SOLIDWORKS, 3D CAD

Learning SOLIDWORKS On YouTube

By Greg Schotte on August 16, 2019

Learn SOLIDWORKS in 5 Minutes!, Ultimate SOLIDWORKS Tutorial for Absolute Beginners, SOLIDWORKS Tutorial #80 – Simple and Effective. These are just a few of the titles of thousands of YouTube SOLIDWORKS tutorials. Nowadays, there is so much information available to us on the Internet and thousands of hours of videos about SOLIDWORKS specifically, but how helpful are they really? How do they compare with an officially licensed SOLIDWORKS training course? How do you choose the right video? In this blog article, we talk about self-learning on YouTube for free versus attending a live SOLIDWORKS training class.

YouTube SOLIDWORKS Training

Learning SOLIDWORKS

Let’s take a step back. By now we are all familiar with the ubiquity of YouTube. I’ve personally used it as an impromptu instructor on several accounts, trying my hand at everything from basic car maintenance (successful), making homemade heart-shaped lava cakes (huge disaster) and even for SOLIDWORKS help. YouTube, and other online video hosts are great for finding a quick piece of advice in a jam. In fact, TriMech adds tips and tricks videos to our YouTube channel weekly to help the SOLIDWORKS community. But can this learning format compete with genuine SOLIDWORKS training? What are the pros and cons?

I often find that when I'm learning software, I focus on finding the answer to the specific question of issues I'm using the software to solve. After all, that’s why I’m on YouTube or in a training class, to begin with, right? Whenever I use YouTube as an educational resource, the first hurdle I find is, "How do I know this is the right video?" It may seem like a trivial question, but it is arguably the most important one. SOLIDWORKS has a LOT of features and applications, so what are the chances that the first video on the first page of your search results, with a four-minute run time, is the answer to your specific question? I’d wager not very likely.

Benefits Of Live Training

That brings me to the first main benefit of a live training course, an instructor. Having an instructor that you can interact with and who works through examples is invaluable! Think of the last time you had to learn something crucial to your everyday life – driving, cooking, writing a report, etc. Did you pick it up in one go? Of course not. You had plenty of questions, structured over a period. That is the mark of a good education. A class sparks new questions and the answers to those questions uncover more, and the cycle continues. SOLIDWORKS live training courses offer not only plenty of time to explore the software but more than enough time to fully develop specific, complex questions on a software most engineers use daily. In fact, TriMech uses a structure of three plus two days (three days on week one and two days on week two) specifically so students can return for the final session with industry or job-specific questions for their instructors.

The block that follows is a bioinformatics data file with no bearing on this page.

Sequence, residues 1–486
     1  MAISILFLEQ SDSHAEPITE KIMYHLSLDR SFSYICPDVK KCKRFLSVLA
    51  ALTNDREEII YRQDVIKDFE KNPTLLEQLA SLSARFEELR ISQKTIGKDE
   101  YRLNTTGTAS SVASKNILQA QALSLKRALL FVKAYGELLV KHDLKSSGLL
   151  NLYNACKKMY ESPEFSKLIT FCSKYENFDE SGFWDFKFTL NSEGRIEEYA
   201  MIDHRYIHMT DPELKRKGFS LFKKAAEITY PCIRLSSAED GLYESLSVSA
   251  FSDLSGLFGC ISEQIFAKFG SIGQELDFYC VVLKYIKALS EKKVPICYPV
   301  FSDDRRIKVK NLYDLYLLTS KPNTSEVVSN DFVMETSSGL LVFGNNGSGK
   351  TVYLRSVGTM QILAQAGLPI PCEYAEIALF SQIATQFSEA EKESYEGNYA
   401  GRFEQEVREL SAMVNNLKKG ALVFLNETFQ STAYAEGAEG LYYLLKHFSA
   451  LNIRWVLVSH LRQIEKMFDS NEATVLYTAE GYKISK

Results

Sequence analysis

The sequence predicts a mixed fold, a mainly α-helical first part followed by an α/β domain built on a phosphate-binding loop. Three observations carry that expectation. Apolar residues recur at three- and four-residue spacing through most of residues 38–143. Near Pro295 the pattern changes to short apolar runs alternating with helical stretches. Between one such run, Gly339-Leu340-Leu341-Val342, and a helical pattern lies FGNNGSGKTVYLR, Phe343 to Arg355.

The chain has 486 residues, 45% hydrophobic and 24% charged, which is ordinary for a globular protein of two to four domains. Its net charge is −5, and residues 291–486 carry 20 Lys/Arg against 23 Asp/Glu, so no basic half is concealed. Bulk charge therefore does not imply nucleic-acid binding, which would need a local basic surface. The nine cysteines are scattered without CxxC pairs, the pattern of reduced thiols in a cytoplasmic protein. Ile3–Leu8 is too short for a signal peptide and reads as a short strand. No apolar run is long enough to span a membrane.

This is the main area where YouTube and any other online video host fall short. I’ll take a decent amount of time to find the right video that may answer a specific question, but how long until I find the video that is able to quell my follow-up question? Or the question after that? Maybe such a video doesn’t exist, or it is in a foreign language or (as I have found many CAD videos to be) completely silent!

User Feedback

There is a chance, however, that I have a bias. It is true, I am an instructor for TriMech SOLIDWORKS classes in a very large metro area. But this also means I know quite a few people that have taken actual courses and can lend some perspective. I phoned a few former students and asked them if they had ever used any sort of online tutorial, and if they could speak about the differences between the two. I specified I’m not looking for any praise one way or another, just wanted to understand the experience a bit more. This is what they had to say.

  • In the beginning, I watched a few YouTube tutorials. When I took an AutoCAD class, the teacher was in the front of the class, and everything they did, we followed. The SOLIDWORKS class was more exercise-driven and way more involved than the AutoCAD or the YouTube class.
  • I use the tips and tricks from the TriMech training class in my modeling all the time. I always reference the textbook and the tools you offered. The benefit of a class is that if it’s something you don’t really understand, you can always ask the instructor. Specific questions are hard to find when working on the internet. You can always post and hope it’s answered but you need to get lucky. In my industry, I don’t have time to wait for an answer.
  • Lately, I’ve been modeling 3D more than anything. YouTube is extremely helpful, especially because everything is on YouTube. However, it’s like any resource, you must pick and choose what you’re talking about. If you had your own channel, I know I would watch it.

YouTube and other pre-recorded online tutorials are great as supplemental knowledge. Looking to challenge yourself? Lookup a video, work through a complex shape and have it guide you through the process. Stuck in a rut and in need of a quick tip? Aside from calling our dedicated technical support line, I’m sure you can spend some time finding a video that will supplement you in a pinch. But this online content is no match for a live instructor, available for questions and comments as you begin your long and rewarding journey with the best 3D CAD available.

If you’re considering CAD training and are not sure if it’s worth your time or investment, click on the button below to watch our On-Demand Webinar, Cost of Not Training: Leveraging Your CAD Software

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